- If it were “top grain” or “full grain”, the manufacturer will generally let you know that its products are of a higher quality by including these words in its marketing copy and on its products.
- If it says things like “never needs to be polished,” it’s probably plastic.
- Leather benefits from polishing because it adds fats and preservatives into the pores that are in quality leather. Plastic fills those pores, and therefore it does not benefit from or require polishing.
- If it has an extremely uniform “grain” with no variation, it is probably plastic.
- Cows are living creatures. They get scars, stretch marks, bug bites, and injuries. Their skin is not uniform. If your product has total uniformity, it is either a very high quality product or it is plastic.
- If it is an outrageous color, like hot pink, it is probably plastic.
- Achieving very high gloss and outrageous colors on leather is possible, but difficult. If a product has these qualities, it is either of extremely high quality or it is plastic.
- If the edges of the straps are sewn together flesh side to flesh side, it is probably plastic.
- You now know that the grain is the most valued and expensive part. Sewing something flesh side to flesh side with two pieces of full grain leather is expensive and not necessary. Horse tack, for example, is often made of full grain straps with no sewing. It is very strong. Why are the straps of your purse sewn together? Because they are weak, plastic coated splits that need the strength.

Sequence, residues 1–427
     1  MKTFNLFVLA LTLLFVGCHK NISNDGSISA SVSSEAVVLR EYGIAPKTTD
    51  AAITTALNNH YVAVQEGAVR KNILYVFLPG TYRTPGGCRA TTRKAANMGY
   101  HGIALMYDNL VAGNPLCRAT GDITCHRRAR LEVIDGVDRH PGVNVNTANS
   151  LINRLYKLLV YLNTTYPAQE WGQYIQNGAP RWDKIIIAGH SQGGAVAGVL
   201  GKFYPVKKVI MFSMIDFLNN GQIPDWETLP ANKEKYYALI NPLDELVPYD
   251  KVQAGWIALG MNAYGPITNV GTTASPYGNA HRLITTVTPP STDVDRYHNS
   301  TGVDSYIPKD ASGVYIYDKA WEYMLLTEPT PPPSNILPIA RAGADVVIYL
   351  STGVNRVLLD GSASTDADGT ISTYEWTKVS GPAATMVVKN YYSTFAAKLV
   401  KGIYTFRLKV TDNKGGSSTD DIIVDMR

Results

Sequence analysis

- If the edges are a different color than the leather, it may be plastic.
- Good leather can be edged without adding color because good leather is tanned and dyed all the way through. Poorly tanned pieces or coated splits are frequently not dyed all the way through. These are white inside. Therefore, they need to be painted in order to conceal this problem. However, high quality leather edges can also be painted for aesthetic purposes. So, the presence of edge painting is not itself a problem, but it may indicated a lower quality of leather.
Finally, the last thing I look for is price. I am putting this last because some products are extremely expensive even though they are made of low quality materials. Women’s products seem to lose the relationship between quality and price more frequently than men’s products. Purses are a good example of this. Men’s shoes, on the other hand, maintain a reasonable proportionality between quality and price.